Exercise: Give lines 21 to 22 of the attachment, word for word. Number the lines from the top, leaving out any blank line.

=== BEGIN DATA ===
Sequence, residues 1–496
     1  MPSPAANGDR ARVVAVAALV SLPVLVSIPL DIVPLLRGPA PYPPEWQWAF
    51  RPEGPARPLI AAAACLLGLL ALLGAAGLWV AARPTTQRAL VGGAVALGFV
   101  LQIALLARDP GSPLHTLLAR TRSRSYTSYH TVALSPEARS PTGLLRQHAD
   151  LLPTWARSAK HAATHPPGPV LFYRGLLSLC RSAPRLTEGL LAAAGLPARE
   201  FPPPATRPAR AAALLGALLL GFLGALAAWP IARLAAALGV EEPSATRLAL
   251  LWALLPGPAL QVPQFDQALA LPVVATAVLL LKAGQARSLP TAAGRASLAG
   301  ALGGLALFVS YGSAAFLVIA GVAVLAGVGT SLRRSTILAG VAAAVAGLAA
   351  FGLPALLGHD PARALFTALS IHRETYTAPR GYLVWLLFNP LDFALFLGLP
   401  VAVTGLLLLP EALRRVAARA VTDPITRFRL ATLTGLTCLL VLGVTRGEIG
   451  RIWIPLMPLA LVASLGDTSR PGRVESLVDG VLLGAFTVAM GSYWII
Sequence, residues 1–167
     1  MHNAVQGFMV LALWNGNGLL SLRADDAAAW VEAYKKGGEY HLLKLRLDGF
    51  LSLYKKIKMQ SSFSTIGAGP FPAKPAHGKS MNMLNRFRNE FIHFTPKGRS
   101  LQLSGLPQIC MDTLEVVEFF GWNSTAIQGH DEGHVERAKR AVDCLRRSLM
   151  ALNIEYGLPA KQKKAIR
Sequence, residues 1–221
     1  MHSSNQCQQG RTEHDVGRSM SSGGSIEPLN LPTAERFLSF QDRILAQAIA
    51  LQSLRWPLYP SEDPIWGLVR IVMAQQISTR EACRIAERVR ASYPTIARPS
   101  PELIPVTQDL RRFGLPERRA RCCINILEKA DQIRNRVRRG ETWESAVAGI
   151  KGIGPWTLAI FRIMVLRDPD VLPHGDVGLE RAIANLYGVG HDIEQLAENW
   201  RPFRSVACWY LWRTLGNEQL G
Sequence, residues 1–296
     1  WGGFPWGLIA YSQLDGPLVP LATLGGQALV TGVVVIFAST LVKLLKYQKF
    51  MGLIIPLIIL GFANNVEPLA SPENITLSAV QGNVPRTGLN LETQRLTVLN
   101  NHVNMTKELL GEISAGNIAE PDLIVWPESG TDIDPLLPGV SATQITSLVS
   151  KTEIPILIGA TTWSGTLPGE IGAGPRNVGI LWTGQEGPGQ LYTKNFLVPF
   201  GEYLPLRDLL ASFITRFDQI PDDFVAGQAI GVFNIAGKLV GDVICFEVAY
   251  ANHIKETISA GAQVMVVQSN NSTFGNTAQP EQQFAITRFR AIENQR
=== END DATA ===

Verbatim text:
   151  KGIGPWTLAI FRIMVLRDPD VLPHGDVGLE RAIANLYGVG HDIEQLAENW
   201  RPFRSVACWY LWRTLGNEQL G